Preprint Article Version 2 This version is not peer-reviewed

Incidence and Determinants of Health Care Associated Blood Stream Infection at a Neonatal Intensive Care Unit in Ujjain, India: A Prospective Cohort Study

Version 1 : Received: 5 December 2017 / Approved: 5 December 2017 / Online: 5 December 2017 (08:19:17 CET)
Version 2 : Received: 27 January 2018 / Approved: 30 January 2018 / Online: 30 January 2018 (08:03:04 CET)

A peer-reviewed article of this Preprint also exists.

Dhaneria, M.; Jain, S.; Singh, P.; Mathur, A.; Lundborg, C.S.; Pathak, A. Incidence and Determinants of Health Care-Associated Blood Stream Infection at a Neonatal Intensive Care Unit in Ujjain, India: A Prospective Cohort Study. Diseases 2018, 6, 14. Dhaneria, M.; Jain, S.; Singh, P.; Mathur, A.; Lundborg, C.S.; Pathak, A. Incidence and Determinants of Health Care-Associated Blood Stream Infection at a Neonatal Intensive Care Unit in Ujjain, India: A Prospective Cohort Study. Diseases 2018, 6, 14.

Journal reference: Diseases 2018, 6, 14
DOI: 10.3390/diseases6010014

Abstract

Very little is known about laboratory confirmed blood stream infections (LCBIs) in neonatal intensive care units (NICUs) in resource-limited settings. The aim of this cohort study was to determine the incidence, risk factors, and causative agents of LCBIs in a level-2 NICU in India. The diagnosis of LCBIs was established using the Centre for Disease Control, USA criteria. A predesigned questionnaire containing risk factors associated with LCBIs was filled-in. A total of 150 neonates (43% preterm) were included in the study. The overall incidence of LCBIs was 31%. The independent risk factors for LCBIs were: preterm neonates (relative risk (RR) 2.23), duration of NICU stay more than 14 days (RR 1.75), chorioamnionitis in the mother (RR 3.18), premature rupture of membrane in mothers (RR 2.32), neonate born through meconium-stained amniotic fluid (RR 2.32), malpresentation (RR 3.05), endotracheal intubation (RR 3.41), umbilical catheterization (RR 4.18), and ventilator-associated pneumonia (RR 3.17). The initiation of minimal enteral nutrition was protective from LCBIs (RR 0.22). The predominant causative organisms were gram-negative pathogens (58%). The results of the present study can be used to design antibiotic interventions to reduce LCBIs in resource-limited settings.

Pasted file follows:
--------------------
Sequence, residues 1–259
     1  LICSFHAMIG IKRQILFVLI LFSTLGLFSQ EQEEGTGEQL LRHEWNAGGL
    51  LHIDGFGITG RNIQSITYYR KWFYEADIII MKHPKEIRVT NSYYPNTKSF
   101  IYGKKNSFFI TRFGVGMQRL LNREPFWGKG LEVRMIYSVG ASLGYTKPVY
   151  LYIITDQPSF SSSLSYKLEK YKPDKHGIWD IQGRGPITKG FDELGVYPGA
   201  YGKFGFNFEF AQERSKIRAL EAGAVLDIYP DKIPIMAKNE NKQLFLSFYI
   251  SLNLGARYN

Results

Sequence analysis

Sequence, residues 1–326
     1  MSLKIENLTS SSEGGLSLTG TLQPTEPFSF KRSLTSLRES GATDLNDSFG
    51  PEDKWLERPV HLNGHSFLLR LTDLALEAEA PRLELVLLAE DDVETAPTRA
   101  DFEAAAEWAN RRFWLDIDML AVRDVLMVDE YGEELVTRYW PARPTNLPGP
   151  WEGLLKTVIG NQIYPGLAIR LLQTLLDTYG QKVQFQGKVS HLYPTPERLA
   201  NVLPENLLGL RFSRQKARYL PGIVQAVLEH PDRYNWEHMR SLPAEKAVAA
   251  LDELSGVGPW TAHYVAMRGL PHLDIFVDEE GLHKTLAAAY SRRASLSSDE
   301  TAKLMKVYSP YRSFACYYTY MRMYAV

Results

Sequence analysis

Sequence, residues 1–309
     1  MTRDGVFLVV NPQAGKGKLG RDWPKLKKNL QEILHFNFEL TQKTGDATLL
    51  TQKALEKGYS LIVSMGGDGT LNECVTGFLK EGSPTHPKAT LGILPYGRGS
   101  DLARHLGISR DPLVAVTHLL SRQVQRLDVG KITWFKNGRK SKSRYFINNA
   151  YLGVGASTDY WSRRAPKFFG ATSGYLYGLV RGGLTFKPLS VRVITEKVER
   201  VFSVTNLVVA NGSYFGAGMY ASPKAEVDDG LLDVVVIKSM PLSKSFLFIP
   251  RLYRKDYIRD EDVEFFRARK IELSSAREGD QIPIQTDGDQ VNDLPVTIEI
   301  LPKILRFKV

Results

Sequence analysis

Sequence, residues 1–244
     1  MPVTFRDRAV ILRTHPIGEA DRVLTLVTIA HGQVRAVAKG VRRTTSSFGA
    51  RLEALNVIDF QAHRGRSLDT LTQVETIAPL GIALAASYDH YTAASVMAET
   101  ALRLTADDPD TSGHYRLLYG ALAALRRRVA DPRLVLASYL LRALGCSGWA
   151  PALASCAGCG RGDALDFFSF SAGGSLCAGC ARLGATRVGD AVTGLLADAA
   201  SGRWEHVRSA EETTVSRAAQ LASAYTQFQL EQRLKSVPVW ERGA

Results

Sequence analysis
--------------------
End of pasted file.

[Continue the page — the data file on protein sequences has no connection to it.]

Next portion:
Subject Areas

blood stream health care associated infections; neonates; risk factors, antibiotic use, antibiotic resistance; neonatal intensive care unit; India

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